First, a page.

Otto Brisbane has a fabulous location, overlooking the Brisbane River. The ‘Mangrove’ artwork is inspired by this spectacular location. Before I visited the site I researched plants that might be found on the river banks and I envisioned an artwork depicting mangrove trees. When I visited the site I was delighted to see mangrove trees growing on the river bank opposite the restaurant.
The ‘mangrove’ trees are made from brass which has been aged to represent tide and watermarks. There will be two ‘seasons’ for this artwork. The ‘Dry Season’ has leaves made from birch ply, which have been stained to relate to the beautiful hardwood used in the restaurant interior. The mangrove seeds are coloured with a range of magenta inks, to link the artwork back to the rich carpet and striking ‘fan lights’ in the main dining area. Every so often a shiny brass leaf adds a bit of sparkle to the leaves. I wanted to add a bit of ‘bling’ as this is a sophisticated, beautiful interior space.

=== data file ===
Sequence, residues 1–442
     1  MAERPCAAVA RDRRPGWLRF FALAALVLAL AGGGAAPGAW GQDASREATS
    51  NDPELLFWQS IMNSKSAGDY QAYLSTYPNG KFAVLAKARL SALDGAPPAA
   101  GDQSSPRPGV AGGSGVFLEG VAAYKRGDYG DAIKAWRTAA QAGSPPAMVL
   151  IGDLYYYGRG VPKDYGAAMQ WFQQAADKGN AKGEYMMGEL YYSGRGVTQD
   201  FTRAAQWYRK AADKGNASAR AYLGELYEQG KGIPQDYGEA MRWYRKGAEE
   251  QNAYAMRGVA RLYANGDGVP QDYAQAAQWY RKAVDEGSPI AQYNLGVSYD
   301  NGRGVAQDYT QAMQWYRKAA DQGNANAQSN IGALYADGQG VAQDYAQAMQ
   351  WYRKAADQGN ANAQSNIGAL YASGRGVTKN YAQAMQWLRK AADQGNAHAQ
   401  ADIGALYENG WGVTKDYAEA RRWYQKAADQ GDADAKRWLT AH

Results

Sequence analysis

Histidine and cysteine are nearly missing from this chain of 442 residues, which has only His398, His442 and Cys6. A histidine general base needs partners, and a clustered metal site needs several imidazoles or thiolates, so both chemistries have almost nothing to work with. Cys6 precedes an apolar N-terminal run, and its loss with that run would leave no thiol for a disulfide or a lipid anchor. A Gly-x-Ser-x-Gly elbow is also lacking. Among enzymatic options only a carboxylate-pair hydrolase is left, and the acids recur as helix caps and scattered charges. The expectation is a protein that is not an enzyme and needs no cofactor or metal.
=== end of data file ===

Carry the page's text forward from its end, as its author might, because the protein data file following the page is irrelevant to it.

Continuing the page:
I have curved the mangrove roots by hand, and pinned the trees off the walls so that they have a sculptural dimension. The leaves move gently in the breeze coming in off the river.
The Dry Season
The Dry Season mobiles are made from poplar wood which has been stained to resemble the hardwood in the restaurant interior. The mangrove seeds are coloured with a range of magenta inks, to link the artwork back to the rich carpet and striking ‘fan lights’ in the main dining area. Every so often a shiny brass leaf adds a bit of sparkle to the leaves.
The Wet Season
The Wet Season leaves are made from hand dyed silk. I have used a variety of silk dyeing techniques, including ice dyeing, shibori and sprinkling rock salt on the wet silk. In this way I have created visual textures on the silk so that the fabric is reminiscent of light shining on water, and the earthy tones of estuarine waterways. The silk creates a sense of lightness as the mobiles are illuminated by the light from the windows, and move gently in the breeze.